Unless you have been living on a desert island the past few years, you have probably heard of neural networks. An old technique, made new again through the magic of modern hardware and innovations like batch normalization and he-initialization that seems to be.. in a word.. unstoppable.

However, mathematicians also developed a plethora of other tools and techniques also over the years, one of the most powerful being variational inference.

The key idea behind variational inference is that any data that has a pattern, can be thought of as being drawn from a probability distribution, lets call it P. variational inference tries to infer or learn an approximation of P, called Q.

A common approach to learning Q, is to use a “mixture model”. A mixture model can be thought of as a bunch of gaussians, with different means, and variances. To reproduce the pattern in the data, we sample from Q. If Q is a close approximation of P, then the data sampled from Q will be indistinguishable from P.

The job now becomes, figure out a good set of parameters, ie: those means and variances, for Q.

Well, I know something that is good at figuring out what the values of parameters should be… a neural net! This is the idea behind the Mixture Density Network.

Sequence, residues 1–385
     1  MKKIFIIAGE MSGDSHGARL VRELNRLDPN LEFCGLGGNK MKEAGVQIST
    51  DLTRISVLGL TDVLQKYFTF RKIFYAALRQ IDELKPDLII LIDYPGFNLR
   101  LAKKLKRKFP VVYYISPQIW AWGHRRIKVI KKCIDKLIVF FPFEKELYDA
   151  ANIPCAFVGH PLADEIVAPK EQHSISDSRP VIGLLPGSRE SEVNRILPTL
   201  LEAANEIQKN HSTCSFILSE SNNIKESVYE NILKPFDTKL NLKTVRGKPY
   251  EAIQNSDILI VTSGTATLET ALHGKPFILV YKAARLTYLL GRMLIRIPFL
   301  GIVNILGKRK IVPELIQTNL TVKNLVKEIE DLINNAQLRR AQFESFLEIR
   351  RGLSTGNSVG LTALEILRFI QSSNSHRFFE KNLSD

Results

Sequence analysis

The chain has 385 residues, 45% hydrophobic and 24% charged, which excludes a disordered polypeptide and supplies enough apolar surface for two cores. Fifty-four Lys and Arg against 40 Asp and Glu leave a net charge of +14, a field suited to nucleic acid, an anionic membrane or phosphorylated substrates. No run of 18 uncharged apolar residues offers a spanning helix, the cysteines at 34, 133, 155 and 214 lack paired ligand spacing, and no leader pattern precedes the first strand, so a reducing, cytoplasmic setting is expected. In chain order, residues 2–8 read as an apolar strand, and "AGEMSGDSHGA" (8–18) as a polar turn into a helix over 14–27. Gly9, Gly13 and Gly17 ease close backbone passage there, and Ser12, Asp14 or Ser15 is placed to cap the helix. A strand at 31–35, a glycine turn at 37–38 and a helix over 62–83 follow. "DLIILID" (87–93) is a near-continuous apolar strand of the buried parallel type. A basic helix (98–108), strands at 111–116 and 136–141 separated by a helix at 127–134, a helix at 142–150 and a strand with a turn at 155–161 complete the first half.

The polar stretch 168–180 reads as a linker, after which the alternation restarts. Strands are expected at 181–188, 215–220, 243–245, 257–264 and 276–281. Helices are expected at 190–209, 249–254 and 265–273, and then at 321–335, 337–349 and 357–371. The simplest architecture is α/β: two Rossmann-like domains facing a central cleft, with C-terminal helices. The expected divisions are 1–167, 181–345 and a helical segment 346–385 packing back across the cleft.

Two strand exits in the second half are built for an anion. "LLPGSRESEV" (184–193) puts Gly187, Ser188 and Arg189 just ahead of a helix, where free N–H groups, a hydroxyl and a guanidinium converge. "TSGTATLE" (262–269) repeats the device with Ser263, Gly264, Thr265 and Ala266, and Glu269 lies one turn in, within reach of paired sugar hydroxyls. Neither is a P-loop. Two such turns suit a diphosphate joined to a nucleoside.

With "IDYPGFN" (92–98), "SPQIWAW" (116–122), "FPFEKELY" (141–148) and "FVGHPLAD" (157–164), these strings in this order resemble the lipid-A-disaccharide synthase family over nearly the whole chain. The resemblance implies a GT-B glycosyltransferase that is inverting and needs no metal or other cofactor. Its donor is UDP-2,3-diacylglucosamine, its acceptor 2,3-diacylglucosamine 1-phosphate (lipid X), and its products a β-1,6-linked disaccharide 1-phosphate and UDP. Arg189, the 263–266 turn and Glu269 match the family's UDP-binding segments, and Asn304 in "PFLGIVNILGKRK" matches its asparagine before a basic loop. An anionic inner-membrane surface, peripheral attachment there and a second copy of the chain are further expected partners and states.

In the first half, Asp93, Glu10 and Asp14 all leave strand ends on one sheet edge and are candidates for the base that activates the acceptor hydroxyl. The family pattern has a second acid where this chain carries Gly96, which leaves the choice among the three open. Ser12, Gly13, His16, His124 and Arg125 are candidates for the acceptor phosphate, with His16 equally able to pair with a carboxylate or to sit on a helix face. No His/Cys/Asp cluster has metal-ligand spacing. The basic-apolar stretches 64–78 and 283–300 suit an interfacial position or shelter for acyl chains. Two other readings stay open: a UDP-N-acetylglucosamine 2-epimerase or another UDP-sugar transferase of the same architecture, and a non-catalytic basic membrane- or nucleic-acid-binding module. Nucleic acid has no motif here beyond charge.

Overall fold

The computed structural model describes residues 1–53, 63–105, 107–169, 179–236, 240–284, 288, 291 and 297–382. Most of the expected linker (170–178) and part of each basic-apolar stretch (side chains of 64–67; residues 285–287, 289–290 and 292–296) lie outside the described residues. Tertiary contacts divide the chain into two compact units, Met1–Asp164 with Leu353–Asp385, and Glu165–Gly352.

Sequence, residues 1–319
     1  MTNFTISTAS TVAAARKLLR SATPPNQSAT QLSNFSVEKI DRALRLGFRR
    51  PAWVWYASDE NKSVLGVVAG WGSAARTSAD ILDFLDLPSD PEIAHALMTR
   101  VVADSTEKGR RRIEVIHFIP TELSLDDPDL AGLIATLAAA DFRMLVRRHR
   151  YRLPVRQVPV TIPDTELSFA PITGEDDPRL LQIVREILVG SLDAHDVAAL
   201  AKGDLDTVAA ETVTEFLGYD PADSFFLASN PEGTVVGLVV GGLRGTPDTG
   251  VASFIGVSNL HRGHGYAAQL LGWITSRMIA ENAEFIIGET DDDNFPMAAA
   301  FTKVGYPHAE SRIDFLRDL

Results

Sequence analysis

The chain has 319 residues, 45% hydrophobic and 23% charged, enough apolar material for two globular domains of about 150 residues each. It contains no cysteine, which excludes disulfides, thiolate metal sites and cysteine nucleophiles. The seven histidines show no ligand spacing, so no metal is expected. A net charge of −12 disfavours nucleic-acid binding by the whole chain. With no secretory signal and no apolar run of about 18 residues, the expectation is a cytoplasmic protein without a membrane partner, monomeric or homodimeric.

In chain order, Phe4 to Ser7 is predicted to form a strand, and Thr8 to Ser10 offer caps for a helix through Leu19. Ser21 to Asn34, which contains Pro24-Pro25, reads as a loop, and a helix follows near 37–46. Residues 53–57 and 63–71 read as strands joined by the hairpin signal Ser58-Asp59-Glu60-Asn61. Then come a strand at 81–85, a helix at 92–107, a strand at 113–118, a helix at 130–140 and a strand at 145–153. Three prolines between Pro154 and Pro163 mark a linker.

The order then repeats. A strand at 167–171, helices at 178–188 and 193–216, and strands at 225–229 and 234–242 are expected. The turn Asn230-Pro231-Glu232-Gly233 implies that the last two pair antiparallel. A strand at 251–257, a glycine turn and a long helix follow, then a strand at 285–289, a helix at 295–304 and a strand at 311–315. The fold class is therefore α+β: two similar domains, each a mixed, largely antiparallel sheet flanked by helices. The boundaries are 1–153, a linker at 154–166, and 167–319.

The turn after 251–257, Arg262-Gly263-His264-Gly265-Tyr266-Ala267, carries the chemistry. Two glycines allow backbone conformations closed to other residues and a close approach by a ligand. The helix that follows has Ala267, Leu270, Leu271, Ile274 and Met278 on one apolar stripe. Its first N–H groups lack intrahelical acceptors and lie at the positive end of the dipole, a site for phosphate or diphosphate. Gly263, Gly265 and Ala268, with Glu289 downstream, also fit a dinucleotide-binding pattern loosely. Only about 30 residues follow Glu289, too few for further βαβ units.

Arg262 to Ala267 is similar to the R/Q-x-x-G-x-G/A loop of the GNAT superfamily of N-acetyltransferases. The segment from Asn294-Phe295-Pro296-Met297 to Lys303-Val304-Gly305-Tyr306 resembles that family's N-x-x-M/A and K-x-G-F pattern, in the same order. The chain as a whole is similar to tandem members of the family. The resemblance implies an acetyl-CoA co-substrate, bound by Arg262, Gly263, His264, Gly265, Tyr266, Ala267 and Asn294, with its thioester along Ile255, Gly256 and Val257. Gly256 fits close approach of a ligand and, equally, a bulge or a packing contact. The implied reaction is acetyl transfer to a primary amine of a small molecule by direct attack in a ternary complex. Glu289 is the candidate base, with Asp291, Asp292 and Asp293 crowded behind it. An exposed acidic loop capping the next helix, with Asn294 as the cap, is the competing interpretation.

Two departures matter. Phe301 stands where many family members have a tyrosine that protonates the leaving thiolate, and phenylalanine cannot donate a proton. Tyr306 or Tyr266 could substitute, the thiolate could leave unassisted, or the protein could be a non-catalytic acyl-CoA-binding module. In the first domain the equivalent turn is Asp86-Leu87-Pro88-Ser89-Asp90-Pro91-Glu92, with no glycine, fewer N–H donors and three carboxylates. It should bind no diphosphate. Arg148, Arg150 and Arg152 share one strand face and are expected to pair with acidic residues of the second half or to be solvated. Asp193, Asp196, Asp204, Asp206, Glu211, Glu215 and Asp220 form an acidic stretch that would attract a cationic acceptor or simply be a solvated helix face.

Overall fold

Ok, you say.. sounds cool and all but… why? Isn’t this all a bit indirect? Why would we use a NN to estimate a probability distribution that approximates our ground truth, when we could just infer it directly with a NN?

Well, for Science! Let’s try out both methods and see what happens.

Let’s picky a tricky distribution, the humble sine wave.

Now, lets train a neural network to approximate this distribution.

As you can see, the network falls directly into an average state, and cannot break out. This is due to the mean squared error loss function, which has a large “ground state” around the average of the sine wave. It’s not impossible for the network to fit this function, but it’s not easy.

Now lets see how the mixture density model deals with this.

Well, that’s different! Here you can see the model starts by increasing variance to cover the whole function, then the variance tightens up towards the end, until the approximation fits the data well.

Well, for this toy problem. Mixture Density Wins!

You can check out the code of MDN on github!

Source: Deep Learning on Medium